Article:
You might call it the best of both worlds, or simply a maddening clash that guarantees neither carnival will receive due attention. The sport's gourmets, certainly, will be exasperated to be mixing the irreconcilable flavours of Chester and the Punchestown Festival. One serves as a sort of delectable bisque on the Flat racing menu; the other, as the final course of the jumps season, is more in the order of a suet pudding. For racing gourmands, however, the late scheduling of Punchestown this year creates a quite marvellous banquet.
Overall, Chester warrants priority as the opening stage in a series of Epsom trials over the coming days, proceeding via Lingfield, Leopardstown and York. With Frankel staying at a mile, after all, a fresh map must be drawn of the Investec Derby landscape. Punchestown, in contrast, represents the last leg of a long campaign for the top jumpers. Some will doubtless prove over the top, while others will be taken off their feet on the fast ground. Just for today, however, respect for years of past service demands that Kauto Star tops the bill in the Guinness Gold Cup.
His every step now, after all, seems more precious than ever. Connections have promised they will not persevere past the first hint that he may no longer be enjoying a career that has qualified him, in his pomp, as one of the best steeplechasers of the modern era. They were vindicated in proceeding to the Cheltenham Gold Cup, after his odds-on failure at Kempton in January, albeit in the end he was again beaten a long way behind the new champion, Long Run. But the bottom line remains that he has not shown his very best form in nearly 18 months and, while short odds are guaranteed by his residual class, most will be content to back him with their hearts, rather than hard cash.
Those unsentimental enough to recognise the value elsewhere will focus on Nacarat and Kempes. A really energetic horse when on song, Nacarat has already shown no mercy to Kauto Star's longstanding sidekick, Denman, beating him out of sight at Aintree last month. Denman, in fairness, had been given little time to get over Cheltenham, whereas Kauto Star has enjoyed a nice interval to freshen up. Regardless, at 9-2 with Stan James the pick of the prices is probably Kempes, who did not run his race when sent over to Cheltenham but has otherwise progressed really well since stepping up to this kind of distance. In fact, his coming of age was in the novice championship at this meeting last year, confirming Kempes (5.30) to be especially at home on this track and ground.
The equivalent race was won yesterday by Quito De La Roque, as at Aintree not looking terribly comfortable on the going but making his class count. One or two key rivals fell, admittedly, but he has been beaten by just one horse in six starts through his novice season.
His trainer, Colm Murphy, had already won the big prize of the opening day with Big Zeb, who reversed Cheltenham form with Sizing Europe in a wholehearted duel for the Boylesports Champion Chase. Ridden by Timmy Murphy, in the absence of the injured Andrew McNamara, Sizing Europe jumped well and was again committed a long way out. This time, however, he could not break free of Big Zeb, who closed to jump the second-last upsides and had edged into the lead over the last. After Barry Geraghty dropped his whip, however, the favourite rallied to confine the margin between them at the line to three-quarters of a length.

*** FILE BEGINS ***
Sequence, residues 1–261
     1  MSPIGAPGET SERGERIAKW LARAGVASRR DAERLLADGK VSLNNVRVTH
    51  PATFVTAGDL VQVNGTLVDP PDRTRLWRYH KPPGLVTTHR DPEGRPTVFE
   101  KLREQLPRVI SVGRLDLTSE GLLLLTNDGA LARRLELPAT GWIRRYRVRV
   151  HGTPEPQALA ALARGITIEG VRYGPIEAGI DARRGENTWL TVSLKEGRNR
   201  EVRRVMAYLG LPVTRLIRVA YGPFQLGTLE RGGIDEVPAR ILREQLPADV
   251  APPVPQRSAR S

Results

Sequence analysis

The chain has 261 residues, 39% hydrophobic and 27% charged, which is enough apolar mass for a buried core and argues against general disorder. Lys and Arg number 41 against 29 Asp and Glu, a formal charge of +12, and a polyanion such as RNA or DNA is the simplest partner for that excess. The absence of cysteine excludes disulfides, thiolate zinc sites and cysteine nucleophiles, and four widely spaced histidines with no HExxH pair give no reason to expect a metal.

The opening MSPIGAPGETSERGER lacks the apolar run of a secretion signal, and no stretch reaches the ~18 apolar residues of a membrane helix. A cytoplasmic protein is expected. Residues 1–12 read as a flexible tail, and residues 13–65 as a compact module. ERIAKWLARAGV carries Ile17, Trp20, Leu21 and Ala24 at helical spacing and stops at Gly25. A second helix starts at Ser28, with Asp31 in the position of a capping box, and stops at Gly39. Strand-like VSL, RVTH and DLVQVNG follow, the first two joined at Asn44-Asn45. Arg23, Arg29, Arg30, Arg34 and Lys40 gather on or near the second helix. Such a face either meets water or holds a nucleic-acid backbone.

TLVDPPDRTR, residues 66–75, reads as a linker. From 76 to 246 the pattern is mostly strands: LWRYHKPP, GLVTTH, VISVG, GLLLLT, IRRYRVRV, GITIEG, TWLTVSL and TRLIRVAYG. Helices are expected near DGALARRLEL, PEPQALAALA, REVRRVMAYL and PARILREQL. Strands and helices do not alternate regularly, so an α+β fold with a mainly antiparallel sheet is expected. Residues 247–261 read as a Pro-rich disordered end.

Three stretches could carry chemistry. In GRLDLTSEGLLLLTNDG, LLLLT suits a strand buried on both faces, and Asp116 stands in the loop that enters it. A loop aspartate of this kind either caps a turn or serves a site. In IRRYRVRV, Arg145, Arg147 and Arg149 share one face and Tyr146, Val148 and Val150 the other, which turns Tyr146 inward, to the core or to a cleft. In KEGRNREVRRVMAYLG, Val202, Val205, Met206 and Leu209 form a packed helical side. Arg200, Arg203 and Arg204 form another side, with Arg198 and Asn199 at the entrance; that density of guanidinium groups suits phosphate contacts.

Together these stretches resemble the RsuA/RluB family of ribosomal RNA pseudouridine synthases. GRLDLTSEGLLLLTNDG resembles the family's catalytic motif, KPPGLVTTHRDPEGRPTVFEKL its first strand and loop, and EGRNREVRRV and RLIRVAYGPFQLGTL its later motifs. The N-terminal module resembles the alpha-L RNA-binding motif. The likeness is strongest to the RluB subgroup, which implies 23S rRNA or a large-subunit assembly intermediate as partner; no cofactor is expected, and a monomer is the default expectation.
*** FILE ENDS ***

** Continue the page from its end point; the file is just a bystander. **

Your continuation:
"He's good and he's gutsy," Geraghty said. "He's willing to take a chance and Sizing Europe is the same – they don't back off. I was always able to sit comfortably behind him today, but at Cheltenham I couldn't. I suppose the spring ground here is that bit fresher, and just helped my fella. He travelled better, and jumped better."
On the first day at Chester, a suitably competitive field has assembled for one of the Turf's most venerable races, the Totesport Chester Cup. Funnily enough, two of the leading fancies could easily have run at Punchestown this week. Overturn, back to his best over hurdles last time, is ideally drawn for a front-runner but guarded preference is for Dirar (2.55). Winner of the Ebor last year, he shaped well at the Cheltenham Festival last time and you would not rule out this trainer turning him into a Cup horse in time. Tastahil, already established as one, merits huge respect as he is much better drawn than when sharing a photo last year.
The first Classic trial of the meeting is the Weatherbys Bank Cheshire Oaks, where it looks significant that Wonder Of Wonders (2.20) is shipped over just six days after her maiden success.
Chris McGrath's Nap
Blue Jack (3.30 Chester) Class act at this level, showed he goes well fresh at Newbury last year, and sure to have been primed for this by local yard, having handled track well to win a Listed race last summer.
He's So Cool (1.45 Chester) Trainer excels with precocious juveniles and this one showed ideal speed for this track when winning the Brocklesby, never looking likely to be reeled in.
One to watch
Though bred for middle distances, Cloud Rock (Peter Chapple-Hyam) was dropped to 6f for his handicap debut at Newmarket on Saturday. That looked an inspired move, despite a midfield finish, so strongly did he travel in heavy traffic.
Where the money's going
Recital, one of several Ballydoyle entries for Sunday's Derrinstown Trial at Leopardstown, is 10-1 from 12-1 with Ladbrokes for the Investec Derby.